Nov 06, 2017
Will Saudi Arabia be able to moderate Islam, or itself?
Quite a lot of turmoil in KSA over the weekend:
Mass purge upends a longstanding system … ‘without formal charges or any legal process… presented as a crackdown on corruption’ Arrests included billionaire Alwaleed bin Tadal … one of the world’s richest men, with holdings in many Western companies Roundup of princes, businessmen widens, travel curbs imposed … ‘consolidate Prince’s control of … internal security and military institutions…’ The night of long knives in Saudi Arabia … ‘With Mutaib sinking into oblivion, bin Salman turned his attention to those with $’ … ‘lest financial empires become handy in future power struggles…’ High stakes as Saudi crown prince tries to remove opponents … ‘the most volatile period in Saudi history in over a half century’ Things that go bump in the night in Riyadh … ‘previous moves a power grab, Saturday’s moves a wealth grab’ Saudi prince, asserting power, brings clerics to heel … ‘if these changes could take hold… a historic reordering of the Saudi state…’ Oil price rises to two-year high after Saudi Arabia purge … the man consolidating power prefers prolonging oil production curbs Meanwhile, helicopter crash reportedly kills high-ranking prince … no cause for crash immediately given, social media conspiracy theory in high gear … my thought: probably completely unrelated Saudi-led coalition blames Iran for missile, warns it could be an act of war … yet more confusion People will ask whether reforms might open the door the Gospel. I estimate it would be a significant error to assume curbs on clerics and talk of moderating Islam automatically implies an unprecedented opening or opportunity for Gospel influences.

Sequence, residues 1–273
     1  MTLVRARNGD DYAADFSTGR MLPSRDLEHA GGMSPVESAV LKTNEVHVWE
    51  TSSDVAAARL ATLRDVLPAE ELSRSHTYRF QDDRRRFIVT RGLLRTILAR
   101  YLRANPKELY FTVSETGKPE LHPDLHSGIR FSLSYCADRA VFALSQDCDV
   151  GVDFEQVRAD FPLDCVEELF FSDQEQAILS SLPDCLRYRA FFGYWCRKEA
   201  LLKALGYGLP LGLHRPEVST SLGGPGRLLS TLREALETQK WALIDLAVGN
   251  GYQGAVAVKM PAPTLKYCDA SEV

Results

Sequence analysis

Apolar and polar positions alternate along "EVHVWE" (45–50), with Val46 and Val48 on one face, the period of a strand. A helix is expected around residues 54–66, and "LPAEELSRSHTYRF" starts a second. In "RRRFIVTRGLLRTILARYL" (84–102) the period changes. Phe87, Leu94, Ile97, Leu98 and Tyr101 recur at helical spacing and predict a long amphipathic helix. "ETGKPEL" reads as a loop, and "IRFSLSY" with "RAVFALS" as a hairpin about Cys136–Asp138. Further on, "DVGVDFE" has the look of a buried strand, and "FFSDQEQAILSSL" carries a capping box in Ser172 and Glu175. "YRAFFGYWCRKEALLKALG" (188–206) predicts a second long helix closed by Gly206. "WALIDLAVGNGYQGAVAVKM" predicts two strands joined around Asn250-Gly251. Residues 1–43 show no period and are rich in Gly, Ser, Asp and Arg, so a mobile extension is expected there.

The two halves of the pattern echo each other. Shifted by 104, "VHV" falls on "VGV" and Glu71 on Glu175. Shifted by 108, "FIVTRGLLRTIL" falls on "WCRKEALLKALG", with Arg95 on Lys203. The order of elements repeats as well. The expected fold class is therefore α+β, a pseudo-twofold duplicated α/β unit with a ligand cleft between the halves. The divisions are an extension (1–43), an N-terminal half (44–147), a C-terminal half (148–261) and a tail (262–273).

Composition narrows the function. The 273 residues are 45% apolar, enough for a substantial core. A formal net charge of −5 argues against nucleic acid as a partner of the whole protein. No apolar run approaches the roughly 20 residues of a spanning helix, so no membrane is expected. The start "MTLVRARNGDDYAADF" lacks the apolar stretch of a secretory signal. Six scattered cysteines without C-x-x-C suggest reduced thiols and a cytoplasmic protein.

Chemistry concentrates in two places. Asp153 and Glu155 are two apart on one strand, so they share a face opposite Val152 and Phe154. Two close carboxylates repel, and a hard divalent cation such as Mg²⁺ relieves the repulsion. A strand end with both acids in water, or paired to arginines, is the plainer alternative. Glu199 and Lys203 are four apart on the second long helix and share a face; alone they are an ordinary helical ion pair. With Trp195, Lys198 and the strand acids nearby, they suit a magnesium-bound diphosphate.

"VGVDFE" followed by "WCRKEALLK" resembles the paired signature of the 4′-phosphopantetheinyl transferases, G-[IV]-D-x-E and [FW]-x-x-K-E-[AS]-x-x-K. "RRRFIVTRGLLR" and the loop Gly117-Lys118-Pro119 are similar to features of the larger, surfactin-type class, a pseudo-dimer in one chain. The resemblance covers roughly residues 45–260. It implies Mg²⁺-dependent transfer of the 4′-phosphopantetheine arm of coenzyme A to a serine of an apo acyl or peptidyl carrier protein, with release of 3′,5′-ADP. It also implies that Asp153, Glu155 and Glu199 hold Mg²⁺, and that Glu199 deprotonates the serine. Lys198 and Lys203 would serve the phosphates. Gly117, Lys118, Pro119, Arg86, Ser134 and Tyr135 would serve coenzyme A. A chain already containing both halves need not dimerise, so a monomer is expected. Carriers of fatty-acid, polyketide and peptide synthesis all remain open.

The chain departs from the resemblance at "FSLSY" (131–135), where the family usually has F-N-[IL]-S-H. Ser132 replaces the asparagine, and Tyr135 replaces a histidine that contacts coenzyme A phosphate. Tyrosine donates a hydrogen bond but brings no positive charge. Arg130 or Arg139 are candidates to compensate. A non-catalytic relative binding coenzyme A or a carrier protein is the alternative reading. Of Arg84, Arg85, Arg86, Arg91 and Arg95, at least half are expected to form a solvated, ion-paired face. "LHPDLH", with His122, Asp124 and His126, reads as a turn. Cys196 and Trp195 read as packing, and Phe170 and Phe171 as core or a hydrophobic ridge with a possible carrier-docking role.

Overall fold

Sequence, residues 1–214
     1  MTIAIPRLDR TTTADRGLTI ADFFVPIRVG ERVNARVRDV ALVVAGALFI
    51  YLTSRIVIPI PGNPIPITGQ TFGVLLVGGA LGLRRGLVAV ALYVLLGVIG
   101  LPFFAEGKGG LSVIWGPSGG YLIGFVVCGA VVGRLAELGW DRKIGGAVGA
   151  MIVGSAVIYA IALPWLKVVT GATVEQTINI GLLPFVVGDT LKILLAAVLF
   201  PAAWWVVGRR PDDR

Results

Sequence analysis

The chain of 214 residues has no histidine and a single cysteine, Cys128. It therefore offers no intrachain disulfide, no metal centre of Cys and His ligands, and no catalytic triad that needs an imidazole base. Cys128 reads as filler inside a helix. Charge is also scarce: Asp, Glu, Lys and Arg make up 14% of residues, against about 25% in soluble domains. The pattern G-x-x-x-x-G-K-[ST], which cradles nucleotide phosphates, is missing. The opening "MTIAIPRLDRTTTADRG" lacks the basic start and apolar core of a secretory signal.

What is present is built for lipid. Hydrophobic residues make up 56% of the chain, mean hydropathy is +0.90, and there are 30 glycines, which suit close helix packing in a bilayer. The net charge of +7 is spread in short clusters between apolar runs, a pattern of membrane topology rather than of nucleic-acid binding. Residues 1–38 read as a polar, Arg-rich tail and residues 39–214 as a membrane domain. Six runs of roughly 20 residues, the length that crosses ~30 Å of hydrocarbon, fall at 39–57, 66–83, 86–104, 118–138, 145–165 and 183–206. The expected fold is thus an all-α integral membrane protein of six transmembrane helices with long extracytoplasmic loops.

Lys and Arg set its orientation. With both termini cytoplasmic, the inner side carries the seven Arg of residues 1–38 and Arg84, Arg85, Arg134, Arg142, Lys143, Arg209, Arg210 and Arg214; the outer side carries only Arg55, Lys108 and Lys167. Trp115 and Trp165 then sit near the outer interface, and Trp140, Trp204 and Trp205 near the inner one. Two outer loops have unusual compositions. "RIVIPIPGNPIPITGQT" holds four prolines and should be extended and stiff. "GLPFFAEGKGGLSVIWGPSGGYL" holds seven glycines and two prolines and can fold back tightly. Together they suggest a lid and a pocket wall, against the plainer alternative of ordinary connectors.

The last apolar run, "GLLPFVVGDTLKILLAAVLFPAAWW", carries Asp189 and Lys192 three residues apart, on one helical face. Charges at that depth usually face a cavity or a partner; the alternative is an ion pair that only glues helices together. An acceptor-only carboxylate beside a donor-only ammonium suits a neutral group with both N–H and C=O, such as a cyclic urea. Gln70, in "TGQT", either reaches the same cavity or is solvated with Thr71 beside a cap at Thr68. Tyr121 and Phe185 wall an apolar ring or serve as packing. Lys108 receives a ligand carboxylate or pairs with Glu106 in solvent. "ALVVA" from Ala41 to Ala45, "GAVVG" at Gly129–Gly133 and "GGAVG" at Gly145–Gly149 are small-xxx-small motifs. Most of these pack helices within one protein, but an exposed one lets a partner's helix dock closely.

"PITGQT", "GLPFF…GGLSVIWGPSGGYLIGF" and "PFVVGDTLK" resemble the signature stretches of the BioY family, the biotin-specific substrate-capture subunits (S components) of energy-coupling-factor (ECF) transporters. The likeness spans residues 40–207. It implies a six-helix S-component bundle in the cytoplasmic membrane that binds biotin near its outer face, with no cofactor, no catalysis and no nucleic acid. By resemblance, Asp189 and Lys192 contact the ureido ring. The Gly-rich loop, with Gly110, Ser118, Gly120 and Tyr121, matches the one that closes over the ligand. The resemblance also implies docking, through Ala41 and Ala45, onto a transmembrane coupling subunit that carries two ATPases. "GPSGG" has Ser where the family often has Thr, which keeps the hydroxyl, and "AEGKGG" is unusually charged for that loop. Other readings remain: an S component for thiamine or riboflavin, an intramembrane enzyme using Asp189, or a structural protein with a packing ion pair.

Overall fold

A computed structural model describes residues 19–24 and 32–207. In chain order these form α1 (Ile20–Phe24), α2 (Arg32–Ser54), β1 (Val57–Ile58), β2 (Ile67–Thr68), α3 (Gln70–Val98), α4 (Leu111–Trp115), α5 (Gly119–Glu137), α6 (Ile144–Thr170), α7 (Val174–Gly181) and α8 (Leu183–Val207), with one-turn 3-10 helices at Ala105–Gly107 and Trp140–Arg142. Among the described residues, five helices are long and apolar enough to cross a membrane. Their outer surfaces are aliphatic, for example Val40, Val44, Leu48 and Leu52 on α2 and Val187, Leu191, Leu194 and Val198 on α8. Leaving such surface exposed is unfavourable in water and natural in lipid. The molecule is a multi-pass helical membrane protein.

Saudi Arabia has had to balance between the King, the princes, the businesses, and the clerics. It has an economy riskily linked to and hampered by oil and demographic issues, in a dangerous downward spiral. The Crown Prince is championing an aggressive and also-risky economic plan for the future; consolidating power in order to accomplish this vision (and to retain power in general) is, I judge, one of the drivers (not the only one) of this weekend’s events. This weekend’s events have consolidated the Throne, the princes, and to some extent the businesses, and clerical/religious police power has previously been reduced. But….
Championing a ‘moderate Islam,’ empowering women, etc., are, I also judge, primarily ways of burnishing Saudi Arabia’s international reputation in order to give the Crown Prince more power, enable economic changes seen as important (activating women in the workforce, for example), and reducing the power of other forces in the Kingdom. There are limits to these reforms (as highlighted in this article about the limits to women’s reform), and the kingdom will have to deal with internal tensions generated by this delicate rebalancing of power. The Kingdom this weekend illustrated its willingness to use raw power to suppress dissent even at the highest levels; I rather doubt that Christian growth will be tolerated. In fact, I suspect the opposite will be the case. While critics of the government could make something of the lack of economic performance, the rapid and significant growth of the church in a country long labeled as the “guardian of Islam” in the context of “moderation of Islam” could be spun very differently, and would be a far greater PR threat to the kingdom.
With the Saudi-ization of the workforce, a decline of expat workers being welcomed, and moves against clerics that are grumpily “tolerated” by the old guard, I suspect that any growth of Christianity will likely be met with even firmer resistance. Not without cost will the Kingdom of God spread.<footer></footer>